A report earlier this month by the Science and Technology Committee of the U.K.’s House of Commons has accused the Government of a lack of leadership and a loss of momentum in its digitisation strategy. Norman Lamb, who chairs the committee, said: “The potential that digital Government can bring is huge: transforming the relationship between the citizen and the State, saving money and making public services more efficient and agile. However, it is clear that the current digital service offered by the Government has lost momentum and is not transforming the citizen-State relationship as it could.”

Somewhat damning as the criticisms are, it is not as if the U.K. Government is alone in struggling with ensuring that the potential promised by the new technology becomes a reality. Such are the challenges that there are books and articles galore describing the issues and offering solutions. Among those to appear in just the past month are Digital Transformation: Survive and Thrive in an Era of Mass Extinction by Thomas Siebel, founder of the pioneering customer relationship management company Siebel Systems and now chief executive of C3.ai, a provider of artificial intelligence software, and Why Digital Transformations Fail by Tony Saldanha, a former senior executive with the consumer goods company Procter & Gamble who now advises leaders on digital transformation through the consulting firm Transformant.

In the former, which carries a foreword by Condoleeza Rice, the former U.S. Secretary of State, and endorsements from politicians, business leaders and academics, Siebel is by turns excited by the opportunities provided by artificial intelligence, the Internet of Things and other technological developments that are making the world more digital and gloomy about the prospects of those that do not embrace the new realities. As he says, “This is as close to a winner-take-all situation as I’ve seen. Companies that transform will be operating on an entirely different level from their lagging competitors. This will be tanks versus horses.”

Indeed, one can already see this Darwinian process in action with the way that Netflix has usurped Blockbuster, Amazon has seen off most of the traditional high street and Airbnb is upending the traditional hotels business.

Reinforcing his point with the claim that “the opportunity is exceeded only by the existential threat,” he proposes a CEO Action Plan:

  • Make the senior executive team the engine of digital transformation.
  • Appoint a chief digital officer with authority and budget.
  • Work incrementally to make progress and capture value.
  • Forge a strategic vision and then set about tackling projects that stand the greatest chance of succeeding and use that momentum to move forward.
  • Draft a digital transformation roadmap and communicate that to stakeholders.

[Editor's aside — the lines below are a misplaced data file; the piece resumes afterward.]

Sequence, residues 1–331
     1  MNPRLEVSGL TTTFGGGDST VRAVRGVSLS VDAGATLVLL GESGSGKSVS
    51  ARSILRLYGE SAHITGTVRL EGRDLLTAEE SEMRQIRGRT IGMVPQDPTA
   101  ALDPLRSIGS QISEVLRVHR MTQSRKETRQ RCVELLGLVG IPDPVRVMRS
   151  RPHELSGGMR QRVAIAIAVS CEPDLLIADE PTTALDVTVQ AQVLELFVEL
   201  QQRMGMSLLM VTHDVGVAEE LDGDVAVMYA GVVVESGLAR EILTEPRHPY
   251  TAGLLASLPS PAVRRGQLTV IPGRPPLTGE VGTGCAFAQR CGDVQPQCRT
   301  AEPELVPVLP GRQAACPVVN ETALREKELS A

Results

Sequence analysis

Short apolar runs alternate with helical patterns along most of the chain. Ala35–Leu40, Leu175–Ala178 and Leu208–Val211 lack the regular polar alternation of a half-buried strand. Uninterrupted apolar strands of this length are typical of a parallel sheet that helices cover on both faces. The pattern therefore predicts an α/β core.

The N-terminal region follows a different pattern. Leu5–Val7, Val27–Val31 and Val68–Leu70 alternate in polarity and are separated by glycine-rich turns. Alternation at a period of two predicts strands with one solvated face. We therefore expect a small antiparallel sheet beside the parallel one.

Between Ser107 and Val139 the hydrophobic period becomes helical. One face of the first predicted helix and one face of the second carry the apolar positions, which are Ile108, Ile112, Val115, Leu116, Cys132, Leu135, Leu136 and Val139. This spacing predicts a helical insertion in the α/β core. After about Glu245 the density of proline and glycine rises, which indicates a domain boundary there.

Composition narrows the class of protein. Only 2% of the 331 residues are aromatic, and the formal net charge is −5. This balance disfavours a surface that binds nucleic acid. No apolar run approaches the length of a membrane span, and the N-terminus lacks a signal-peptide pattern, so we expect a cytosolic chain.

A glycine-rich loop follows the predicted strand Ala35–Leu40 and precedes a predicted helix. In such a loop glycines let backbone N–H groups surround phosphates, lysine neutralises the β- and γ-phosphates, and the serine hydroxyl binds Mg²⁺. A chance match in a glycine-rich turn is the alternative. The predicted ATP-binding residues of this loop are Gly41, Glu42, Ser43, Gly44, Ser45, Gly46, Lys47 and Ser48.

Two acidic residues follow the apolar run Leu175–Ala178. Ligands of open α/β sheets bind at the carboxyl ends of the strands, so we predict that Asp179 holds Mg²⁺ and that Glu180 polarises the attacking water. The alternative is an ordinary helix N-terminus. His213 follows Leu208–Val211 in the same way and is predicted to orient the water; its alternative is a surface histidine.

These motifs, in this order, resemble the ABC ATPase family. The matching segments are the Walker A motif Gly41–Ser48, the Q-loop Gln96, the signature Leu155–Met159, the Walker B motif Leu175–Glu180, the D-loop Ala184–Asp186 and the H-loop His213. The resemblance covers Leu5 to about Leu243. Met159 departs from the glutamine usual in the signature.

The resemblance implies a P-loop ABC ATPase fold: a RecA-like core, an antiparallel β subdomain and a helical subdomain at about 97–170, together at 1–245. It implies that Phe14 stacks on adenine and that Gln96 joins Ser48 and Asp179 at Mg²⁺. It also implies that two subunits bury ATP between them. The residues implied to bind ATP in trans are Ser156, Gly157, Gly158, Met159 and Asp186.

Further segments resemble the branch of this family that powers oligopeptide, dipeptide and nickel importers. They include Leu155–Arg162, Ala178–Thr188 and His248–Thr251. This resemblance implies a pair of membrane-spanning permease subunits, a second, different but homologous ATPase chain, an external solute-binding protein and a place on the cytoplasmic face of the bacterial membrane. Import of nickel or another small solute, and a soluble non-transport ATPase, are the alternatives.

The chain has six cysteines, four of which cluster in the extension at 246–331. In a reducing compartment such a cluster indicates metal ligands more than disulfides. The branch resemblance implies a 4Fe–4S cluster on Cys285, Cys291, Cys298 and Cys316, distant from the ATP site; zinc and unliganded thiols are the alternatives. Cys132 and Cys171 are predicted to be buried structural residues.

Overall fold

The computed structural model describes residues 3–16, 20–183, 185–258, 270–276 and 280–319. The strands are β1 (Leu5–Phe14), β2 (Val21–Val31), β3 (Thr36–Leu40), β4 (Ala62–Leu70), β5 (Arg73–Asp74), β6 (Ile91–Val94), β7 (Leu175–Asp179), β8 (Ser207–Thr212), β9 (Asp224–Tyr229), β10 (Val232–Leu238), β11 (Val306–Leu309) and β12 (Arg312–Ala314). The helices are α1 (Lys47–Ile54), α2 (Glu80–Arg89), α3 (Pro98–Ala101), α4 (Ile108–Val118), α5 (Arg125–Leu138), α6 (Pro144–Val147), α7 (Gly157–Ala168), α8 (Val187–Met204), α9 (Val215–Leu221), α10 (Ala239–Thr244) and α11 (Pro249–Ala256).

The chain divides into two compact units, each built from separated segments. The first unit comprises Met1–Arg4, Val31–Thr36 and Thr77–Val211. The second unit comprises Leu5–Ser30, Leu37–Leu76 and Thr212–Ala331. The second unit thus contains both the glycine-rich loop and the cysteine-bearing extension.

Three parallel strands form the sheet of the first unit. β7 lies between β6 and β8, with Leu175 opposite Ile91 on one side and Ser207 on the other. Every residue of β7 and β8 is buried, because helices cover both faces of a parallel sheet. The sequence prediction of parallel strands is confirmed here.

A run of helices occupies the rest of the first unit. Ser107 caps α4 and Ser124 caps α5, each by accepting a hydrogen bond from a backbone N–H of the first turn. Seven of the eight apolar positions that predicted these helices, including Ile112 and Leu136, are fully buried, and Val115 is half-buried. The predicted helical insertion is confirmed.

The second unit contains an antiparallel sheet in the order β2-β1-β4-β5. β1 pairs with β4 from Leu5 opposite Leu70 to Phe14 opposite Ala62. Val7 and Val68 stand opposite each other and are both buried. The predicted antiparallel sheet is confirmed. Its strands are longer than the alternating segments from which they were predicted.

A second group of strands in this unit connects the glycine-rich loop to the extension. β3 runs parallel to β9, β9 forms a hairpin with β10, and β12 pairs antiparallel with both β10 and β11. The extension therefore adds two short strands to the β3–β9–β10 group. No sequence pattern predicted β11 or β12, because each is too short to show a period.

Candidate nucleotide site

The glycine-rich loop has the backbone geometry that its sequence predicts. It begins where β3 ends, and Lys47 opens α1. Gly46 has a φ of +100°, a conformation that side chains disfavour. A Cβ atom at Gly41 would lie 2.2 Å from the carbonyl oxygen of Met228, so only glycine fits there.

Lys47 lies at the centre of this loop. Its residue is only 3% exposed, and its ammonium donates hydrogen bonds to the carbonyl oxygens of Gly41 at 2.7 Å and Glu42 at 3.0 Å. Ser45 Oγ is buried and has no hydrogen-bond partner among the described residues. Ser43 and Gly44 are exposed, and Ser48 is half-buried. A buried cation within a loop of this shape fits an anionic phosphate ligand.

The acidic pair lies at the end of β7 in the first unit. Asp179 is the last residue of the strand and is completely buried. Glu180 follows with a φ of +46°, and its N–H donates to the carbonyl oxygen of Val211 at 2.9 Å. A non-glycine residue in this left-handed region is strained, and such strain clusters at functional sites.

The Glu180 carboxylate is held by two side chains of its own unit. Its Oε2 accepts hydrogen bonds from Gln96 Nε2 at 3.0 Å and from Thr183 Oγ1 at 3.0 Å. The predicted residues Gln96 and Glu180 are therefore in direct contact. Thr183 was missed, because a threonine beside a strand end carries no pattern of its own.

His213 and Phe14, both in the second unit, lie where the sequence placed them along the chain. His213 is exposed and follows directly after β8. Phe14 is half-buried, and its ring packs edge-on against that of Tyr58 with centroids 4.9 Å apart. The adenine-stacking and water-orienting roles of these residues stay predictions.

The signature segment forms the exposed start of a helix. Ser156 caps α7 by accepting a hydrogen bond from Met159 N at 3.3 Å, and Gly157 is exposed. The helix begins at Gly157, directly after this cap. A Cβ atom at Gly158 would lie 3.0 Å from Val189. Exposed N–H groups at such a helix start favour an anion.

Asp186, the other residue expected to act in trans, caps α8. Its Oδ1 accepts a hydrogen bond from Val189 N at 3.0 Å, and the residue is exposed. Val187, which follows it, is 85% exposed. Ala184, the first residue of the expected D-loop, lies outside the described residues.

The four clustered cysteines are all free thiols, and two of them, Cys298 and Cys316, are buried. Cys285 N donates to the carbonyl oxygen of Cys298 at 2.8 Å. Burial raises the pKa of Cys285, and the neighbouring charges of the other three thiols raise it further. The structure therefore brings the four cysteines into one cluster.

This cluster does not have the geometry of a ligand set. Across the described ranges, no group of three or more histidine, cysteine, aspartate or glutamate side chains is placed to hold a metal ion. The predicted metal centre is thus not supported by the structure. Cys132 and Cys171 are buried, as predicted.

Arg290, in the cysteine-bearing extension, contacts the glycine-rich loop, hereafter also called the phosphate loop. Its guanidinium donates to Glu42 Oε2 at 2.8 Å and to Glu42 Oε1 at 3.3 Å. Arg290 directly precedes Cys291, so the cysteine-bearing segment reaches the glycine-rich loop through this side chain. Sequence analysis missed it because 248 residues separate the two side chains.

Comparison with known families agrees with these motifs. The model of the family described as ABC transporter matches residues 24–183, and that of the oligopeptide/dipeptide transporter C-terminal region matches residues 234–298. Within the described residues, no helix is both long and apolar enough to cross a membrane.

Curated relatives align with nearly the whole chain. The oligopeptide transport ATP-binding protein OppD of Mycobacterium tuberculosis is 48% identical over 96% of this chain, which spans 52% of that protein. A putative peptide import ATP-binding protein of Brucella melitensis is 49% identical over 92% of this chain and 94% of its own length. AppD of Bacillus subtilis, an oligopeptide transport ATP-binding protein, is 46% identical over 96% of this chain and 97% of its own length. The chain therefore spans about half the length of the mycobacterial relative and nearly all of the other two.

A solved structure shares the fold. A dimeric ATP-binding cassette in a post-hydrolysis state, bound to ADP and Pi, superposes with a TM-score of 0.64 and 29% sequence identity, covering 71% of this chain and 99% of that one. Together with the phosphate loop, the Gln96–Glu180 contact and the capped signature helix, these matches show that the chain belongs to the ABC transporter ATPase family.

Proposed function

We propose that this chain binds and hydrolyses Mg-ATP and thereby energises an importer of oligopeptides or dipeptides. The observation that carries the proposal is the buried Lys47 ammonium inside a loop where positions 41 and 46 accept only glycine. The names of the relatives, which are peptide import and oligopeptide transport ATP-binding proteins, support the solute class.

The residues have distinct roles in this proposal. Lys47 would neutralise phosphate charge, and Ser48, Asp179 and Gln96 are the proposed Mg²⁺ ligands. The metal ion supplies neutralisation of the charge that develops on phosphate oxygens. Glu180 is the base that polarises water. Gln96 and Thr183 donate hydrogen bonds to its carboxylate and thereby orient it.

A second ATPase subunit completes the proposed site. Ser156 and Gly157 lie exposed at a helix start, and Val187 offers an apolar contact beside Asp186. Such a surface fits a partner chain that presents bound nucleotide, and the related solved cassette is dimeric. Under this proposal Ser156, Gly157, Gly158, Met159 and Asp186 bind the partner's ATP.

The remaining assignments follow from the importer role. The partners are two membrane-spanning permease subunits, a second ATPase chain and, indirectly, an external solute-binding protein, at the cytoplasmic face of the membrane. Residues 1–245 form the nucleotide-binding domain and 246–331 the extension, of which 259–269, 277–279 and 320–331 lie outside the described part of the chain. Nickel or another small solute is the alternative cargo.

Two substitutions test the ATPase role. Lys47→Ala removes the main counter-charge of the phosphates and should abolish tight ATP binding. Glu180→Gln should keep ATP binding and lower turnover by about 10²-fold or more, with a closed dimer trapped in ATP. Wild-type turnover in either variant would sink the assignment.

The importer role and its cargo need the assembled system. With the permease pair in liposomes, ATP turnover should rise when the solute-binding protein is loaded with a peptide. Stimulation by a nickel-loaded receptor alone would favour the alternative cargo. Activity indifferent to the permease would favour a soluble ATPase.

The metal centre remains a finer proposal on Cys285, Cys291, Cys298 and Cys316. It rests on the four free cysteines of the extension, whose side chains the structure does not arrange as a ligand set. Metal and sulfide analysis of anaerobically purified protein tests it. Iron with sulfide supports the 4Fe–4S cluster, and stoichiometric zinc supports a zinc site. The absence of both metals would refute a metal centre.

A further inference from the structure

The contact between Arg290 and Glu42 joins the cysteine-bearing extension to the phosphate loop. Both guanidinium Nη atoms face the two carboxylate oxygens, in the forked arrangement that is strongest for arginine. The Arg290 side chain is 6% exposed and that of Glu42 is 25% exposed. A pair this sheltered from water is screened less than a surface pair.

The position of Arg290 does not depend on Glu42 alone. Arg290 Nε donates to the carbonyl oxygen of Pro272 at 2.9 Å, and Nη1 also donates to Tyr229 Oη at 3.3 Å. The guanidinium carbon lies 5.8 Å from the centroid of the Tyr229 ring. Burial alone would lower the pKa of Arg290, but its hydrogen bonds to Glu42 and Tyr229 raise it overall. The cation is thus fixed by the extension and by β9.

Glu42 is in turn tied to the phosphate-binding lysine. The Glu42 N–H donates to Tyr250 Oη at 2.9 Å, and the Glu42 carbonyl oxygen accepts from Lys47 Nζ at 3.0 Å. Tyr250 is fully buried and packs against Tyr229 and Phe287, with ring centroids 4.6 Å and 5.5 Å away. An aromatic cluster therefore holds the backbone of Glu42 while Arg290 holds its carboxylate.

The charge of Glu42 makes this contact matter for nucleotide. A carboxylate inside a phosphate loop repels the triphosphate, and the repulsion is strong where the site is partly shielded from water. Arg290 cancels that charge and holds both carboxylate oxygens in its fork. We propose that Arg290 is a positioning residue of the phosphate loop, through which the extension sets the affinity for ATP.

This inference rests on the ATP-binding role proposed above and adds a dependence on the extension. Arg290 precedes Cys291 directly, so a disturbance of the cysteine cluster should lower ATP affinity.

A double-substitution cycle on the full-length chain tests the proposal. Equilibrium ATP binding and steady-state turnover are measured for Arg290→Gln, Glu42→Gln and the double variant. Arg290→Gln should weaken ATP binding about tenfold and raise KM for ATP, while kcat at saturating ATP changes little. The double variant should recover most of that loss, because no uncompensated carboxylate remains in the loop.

• Pick your partners carefully.
  • Focus on economic benefit.
  • Create a transformative culture of innovation.
  • Recognise that your organisation is unlikely to have the skills to succeed at digital transformation. But rather than thinking that you can hire in consultants, you need to infuse both executives and other employees with new skills and a new mindset.
  • Continually re-educate the workforce.

Encouragingly, many of the same points are made by Saldanha because, despite the title, his book is also a guide to making a success of digital transformation. Saldanha’s approach to leading such a process — born of his experience with P&G’s global business services unit — is that, despite the promises of the technology providers and the sense in the word “transformation” that things can change quickly, the real requirements are diligence and discipline. In fact, the heart of the book is the “checklist of surprising disciplines.” Borrowing insights from aviation — where pilots go through a routine that is said to ensure that more than 99.99% of aircraft takeoffs are successful — and healthcare — where checklists drive repeatable success in complex tasks — he writes that “it became crystal clear that the answer to the issue of perpetual digital transformation would be disciplined execution.”

To this end, Saldanha sets out a five-stage road map for success in digital transformation, which he helpfully defines as the ability to win in the Fourth Industrial Revolution, described as the “melding of the physical, digital and biological worlds today.” The major driver, he says, is the availability of massive computing capacity at negligible and further plummeting costs, resulting in what used to be physical (retail stores) becoming digital (online shopping), or what used to be purely biological (traditional medicine) becoming biotech (personalised genetic medication).

The real appeal of the book, though, is that — having shown what is possible — Saldanha explains the processes that have to be gone through to get there and — very importantly — what each stage of the journey looks and feels like. The idea is that those going through the process have some sense that they are not alone and, if they stick to the task, stand a chance of getting there. The catch, of course, is that there is no real “there”. Succeeding in this process means committing to constant reinvention.

Read the original article here.